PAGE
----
Now I want to consider the first 10 days of the semester and the add-drop period, where students can add or drop a class without getting permission from an instructor or an advisor. In theory, students are not supposed to game the system by registering for more classes than they plan to take. I informally polled my students on that issue in my class on Tuesday, where I asked, to be cute and so my students didn't feel they needed to lie about themselves, do they know of other students who hoard classes like this, where they plan to drop at least one of them during the semester? I only eyeballed the results, but it seems that a vast majority present raised their hands, indicating they were aware of such gaming of the system. Then I explained that the Econ Department also apparently gamed the system. On August 15, 11 days before the start of the semester, I did a tally of all the 400-level classes in Economics based on the listings in the online Class Schedule. At that time there were no openings whatsoever for undergraduates, while there were 11 cross-listed graduate sections that had some openings. (I think there was 27 offerings overall.) A week or so later, there were many openings for undergraduates in 400-level classes. Apparently the department had held back seats for late arriving students who had yet to register, perhaps sensible under the circumstances. Then the free-for-all began.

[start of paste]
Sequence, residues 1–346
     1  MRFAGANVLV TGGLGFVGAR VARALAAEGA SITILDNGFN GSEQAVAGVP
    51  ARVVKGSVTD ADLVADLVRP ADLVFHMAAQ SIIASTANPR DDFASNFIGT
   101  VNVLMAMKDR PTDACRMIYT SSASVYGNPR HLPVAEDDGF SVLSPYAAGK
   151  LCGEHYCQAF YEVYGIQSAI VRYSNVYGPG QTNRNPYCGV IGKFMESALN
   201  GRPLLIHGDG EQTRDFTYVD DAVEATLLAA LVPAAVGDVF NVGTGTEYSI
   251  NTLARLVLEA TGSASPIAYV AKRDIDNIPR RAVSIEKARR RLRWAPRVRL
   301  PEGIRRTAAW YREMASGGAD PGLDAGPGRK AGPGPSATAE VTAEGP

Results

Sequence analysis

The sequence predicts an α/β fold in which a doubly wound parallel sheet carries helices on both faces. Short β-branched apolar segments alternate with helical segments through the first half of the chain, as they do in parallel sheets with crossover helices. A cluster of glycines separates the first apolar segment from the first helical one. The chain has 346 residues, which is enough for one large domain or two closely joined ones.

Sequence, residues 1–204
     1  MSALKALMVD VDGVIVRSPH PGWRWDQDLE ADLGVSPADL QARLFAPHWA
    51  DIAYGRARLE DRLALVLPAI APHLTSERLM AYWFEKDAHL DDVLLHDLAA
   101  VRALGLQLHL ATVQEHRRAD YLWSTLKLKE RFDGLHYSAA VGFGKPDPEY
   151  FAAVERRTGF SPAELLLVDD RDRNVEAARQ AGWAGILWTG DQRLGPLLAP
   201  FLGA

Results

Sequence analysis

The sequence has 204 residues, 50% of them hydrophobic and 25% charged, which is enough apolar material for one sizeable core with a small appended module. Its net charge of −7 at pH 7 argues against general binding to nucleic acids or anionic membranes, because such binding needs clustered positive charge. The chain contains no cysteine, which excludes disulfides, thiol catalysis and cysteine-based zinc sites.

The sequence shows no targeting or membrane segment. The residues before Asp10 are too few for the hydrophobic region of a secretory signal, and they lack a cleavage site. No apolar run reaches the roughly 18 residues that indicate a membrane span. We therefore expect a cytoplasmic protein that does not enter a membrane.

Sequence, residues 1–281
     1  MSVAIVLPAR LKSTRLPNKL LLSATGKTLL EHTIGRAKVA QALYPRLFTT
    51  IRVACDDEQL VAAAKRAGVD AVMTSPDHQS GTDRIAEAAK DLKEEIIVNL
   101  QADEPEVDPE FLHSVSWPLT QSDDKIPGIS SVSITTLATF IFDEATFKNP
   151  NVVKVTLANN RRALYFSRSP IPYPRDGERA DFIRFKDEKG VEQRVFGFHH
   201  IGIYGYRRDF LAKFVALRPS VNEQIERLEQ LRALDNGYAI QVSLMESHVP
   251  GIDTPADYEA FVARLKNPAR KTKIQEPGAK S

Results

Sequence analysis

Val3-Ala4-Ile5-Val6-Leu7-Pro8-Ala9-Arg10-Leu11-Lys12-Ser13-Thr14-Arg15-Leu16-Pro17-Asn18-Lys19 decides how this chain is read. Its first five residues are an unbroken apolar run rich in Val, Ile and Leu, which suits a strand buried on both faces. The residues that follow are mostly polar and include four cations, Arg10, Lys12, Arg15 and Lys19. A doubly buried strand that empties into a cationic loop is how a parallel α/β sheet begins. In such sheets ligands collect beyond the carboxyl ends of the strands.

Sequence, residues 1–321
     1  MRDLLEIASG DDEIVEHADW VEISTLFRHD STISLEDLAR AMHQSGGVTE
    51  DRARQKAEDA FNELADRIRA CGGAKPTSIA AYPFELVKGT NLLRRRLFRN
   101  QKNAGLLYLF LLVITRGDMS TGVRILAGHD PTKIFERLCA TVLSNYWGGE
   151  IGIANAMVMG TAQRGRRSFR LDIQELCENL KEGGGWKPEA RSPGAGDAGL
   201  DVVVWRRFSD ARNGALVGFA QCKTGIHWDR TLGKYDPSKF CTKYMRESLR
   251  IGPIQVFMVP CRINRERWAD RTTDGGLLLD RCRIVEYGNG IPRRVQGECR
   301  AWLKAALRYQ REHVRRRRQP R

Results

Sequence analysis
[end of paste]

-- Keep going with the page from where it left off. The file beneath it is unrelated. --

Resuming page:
Because I use a class Website that is not on a campus supported application, I email the students ahead of time with the url for the site and some other information specific to each student. (Thank you, mail merge.) As my class is Tues and Thurs, I always make this mailing on Sunday. I downloaded the roster for my class the day before. At the time I had 37 students registered for my class. Since then, I've had 14 students drop and 18 students add the class, and in one case a student dropped but then added it again later. This amount of churn is unbelievable. Is it really necessary?